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10.17.11

Links 17/10/2011: Puppy Linux 5.2, Reports from LibreOffice Conference

Posted in News Roundup at 8:03 am by Dr. Roy Schestowitz

GNOME bluefish

Contents

GNU/Linux

  • Spy vs. Spy, Spilt Blackberries & Redmond’s Lies
  • Audiocasts/Shows

  • Kernel Space

    • TI Prepares Its Open DRM/KMS OMAP Driver

      Texas Instruments has put out a new version of its DRM/KMS Linux driver for OMAP platforms as it prepares to hopefully see this open-source graphics driver merged into the mainline Linux kernel.

      Rob Clark of Texas Instruments released the third version of its “omapdrm” driver that provides basic DRM/KMS support for OMAP hardware from TI. This comes just days after talking about the Linux 3.2 kernel DRM and how Samsung’s Exynos DRM driver was merged into the drm-core-next tree as the first ARM DRM driver that will be introduced in this next major kernel release after Linux 3.1.

    • Graphics Stack

      • R500 Texture Semaphores Merged To Master

        The R500 texture semaphores work, the feature I wrote about and tested earlier this month, has been merged to master. This feature in the R300 Gallium3D open-source driver can provide some impressive performance improvements.

  • Applications

  • Desktop Environments

    • Paved With Good Intentions

      It sounds to me like GNOME is joining KDE on the road to computing hell…with the very best of intentions. Both teams are trying to add the glitz and polish that Windows and Mac users have come to expect. (I get the impression that GNOME is trying to imitate OS X.) The problem is, both teams are making their once-loved desktop environments bloated, slow, clumsy, and counter-productive.

    • K Desktop Environment/KDE SC)

      • Plasma Active

        At the desktop summit, many contributors got a ExoPC from Inten, but the software on it was quite a disappointment. Meanwhile, there is an official release of Plasma Active that fills the gap. So I sat down and installed it on the ExoPC. It really works quite nice and smooth. Applications like Amarok and a browser make it usable to hear music and do some quick internet surfing. I documented the steps in order to get everything up and running.

      • Plasma Active
    • GNOME Desktop

      • Ubuntu and GNOME jump the shark

        I upgraded to Ubuntu 11.04 a week or so back in order to get a more recent version of SCons. 11.04 dropped me into the new “Unity” GNOME interface. There may be people in the world for whom Unity is a good idea, but none of them are me. The look is garish and ugly, and it takes twice as many clicks as it did before to get to an application through their supposedly “friendly” interface as it did in GNOME Classic. No, dammit, I do not want to text-search my applications to call one up!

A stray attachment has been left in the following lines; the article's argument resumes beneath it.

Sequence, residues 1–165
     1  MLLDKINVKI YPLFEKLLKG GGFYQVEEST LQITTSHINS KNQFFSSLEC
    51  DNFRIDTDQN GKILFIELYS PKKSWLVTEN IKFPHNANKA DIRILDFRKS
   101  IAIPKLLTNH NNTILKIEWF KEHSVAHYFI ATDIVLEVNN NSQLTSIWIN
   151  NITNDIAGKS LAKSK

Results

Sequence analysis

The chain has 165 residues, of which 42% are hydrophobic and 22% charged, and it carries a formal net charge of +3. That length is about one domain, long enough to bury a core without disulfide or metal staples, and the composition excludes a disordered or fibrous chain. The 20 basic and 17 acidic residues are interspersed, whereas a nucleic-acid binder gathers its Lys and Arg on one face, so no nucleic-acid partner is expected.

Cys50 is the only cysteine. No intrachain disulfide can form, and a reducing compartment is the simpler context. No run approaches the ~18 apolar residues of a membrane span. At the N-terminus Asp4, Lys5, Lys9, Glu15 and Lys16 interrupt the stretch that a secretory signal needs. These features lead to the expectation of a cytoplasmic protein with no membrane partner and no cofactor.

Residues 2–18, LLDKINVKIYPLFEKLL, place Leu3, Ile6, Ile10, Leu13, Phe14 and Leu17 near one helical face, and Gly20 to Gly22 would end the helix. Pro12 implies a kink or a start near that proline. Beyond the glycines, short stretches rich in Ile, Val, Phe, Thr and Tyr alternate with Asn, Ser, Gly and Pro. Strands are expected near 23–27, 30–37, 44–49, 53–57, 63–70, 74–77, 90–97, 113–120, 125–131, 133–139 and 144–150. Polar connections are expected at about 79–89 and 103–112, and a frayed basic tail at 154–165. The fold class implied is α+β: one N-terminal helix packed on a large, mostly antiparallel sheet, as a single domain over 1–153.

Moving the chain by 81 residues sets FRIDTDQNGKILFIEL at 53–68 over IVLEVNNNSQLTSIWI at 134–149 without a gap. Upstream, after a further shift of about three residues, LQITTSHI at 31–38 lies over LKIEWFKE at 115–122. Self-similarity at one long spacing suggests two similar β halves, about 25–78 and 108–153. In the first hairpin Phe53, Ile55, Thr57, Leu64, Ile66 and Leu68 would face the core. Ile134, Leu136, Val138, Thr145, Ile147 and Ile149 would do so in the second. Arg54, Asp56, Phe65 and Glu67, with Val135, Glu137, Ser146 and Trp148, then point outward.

• Tronny ‘Tron Legacy’ Gnome Shell Theme
      • Running Gnome 3 In Ubuntu 11.10

        Ubuntu branched out of Gnome 3 by using its own Unity shell instead of Gnome shell on top of Gnome 3, there are reason well understood and I personally believe it has made GNU/Linux richer as we now have two Shells and users can pick the one they want.

  • Distributions

    • Arch Linux with KDE 4.7
    • New Releases

    • PCLinuxOS/Mageia/Mandrake/Mandriva Family

      • Mageia, three months (or so) on

        If I ever had any regular readers, I’m sure I’ve lost them all by now! We had a bit of weather in Connecticut, as you might have heard; putting up hurricane shutters, and later taking them down, brought me into an uneasy truce with some long-forgotten muscles. I decided to take a night course or two. I’m processing my long-departed Uncle Jim’s thesis into publishable form (it’s about John Milton; or, more precisely, it argues that Milton’s poem Paradise Regained has been consistently underappreciated and misunderstood), which (and this is the point) is handing me a good excuse to learn LaTeX. And I’m doing some Linux-oriented volunteer work, too; I’ll blog about that when I understand it a bit better.

    • Gentoo Family

      • Review: Sabayon 7 KDE + GNOME + Xfce

        But usually, I only review the KDE edition, so why am I reviewing the GNOME and Xfce editions too this time? Well, GNOME is now at version 3.2, and the Xfce edition is now considered to be stable enough to not be “experimental” anymore, so I think both of those things warrant reviews. Of course, I’m going to be reviewing the KDE edition as well, and KDE is now at version 4.7, which I haven’t had much experience with as most recent KDE distributions I’ve tried have included KDE only at version 4.6.

        I tested all 3 editions using live USBs made with UnetBootin. I did not test the installation procedures, because I didn’t see anything in the release notes about improvements to the installer, so I don’t really anticipate any changes from last time. Follow the jump to see what each edition is like.

    • Debian Family

      • Derivatives

        • Canonical/Ubuntu

          • UBUNTU 11.10 FINAL REVIEW! & CRITICISMS
          • Ubuntu Friendly – What It Is and How You Can Help

            Ubuntu 11.10 users are being encouraged to take part in ‘Ubuntu Friendly’ – a community-drive database of desktops, laptops and netbooks that work well with Ubuntu.

          • Ubuntu 11.10 Oneiric Ocelot Is Out Now With New Default Programs [Linux]
          • Oneiric gone wrong, but rescued.
          • Don’t Upgrade to Oneiric Ocelot!
          • Unity much improved in Ubuntu 11.10

            This one — 11.10, dubbed Oneiric Ocelot — is a regular, incremental update of 11.04 (Natty Narwhal, which came out in April). The changes are minor for the most part, but the Unity desktop is much improved.While Unity has been around for some time, Canonical made it quite clear with 11.04 that it was going to be phased in while the older, tried and true Gnome 2 shell that had anchored Ubuntu for years was going to be put out to pasture.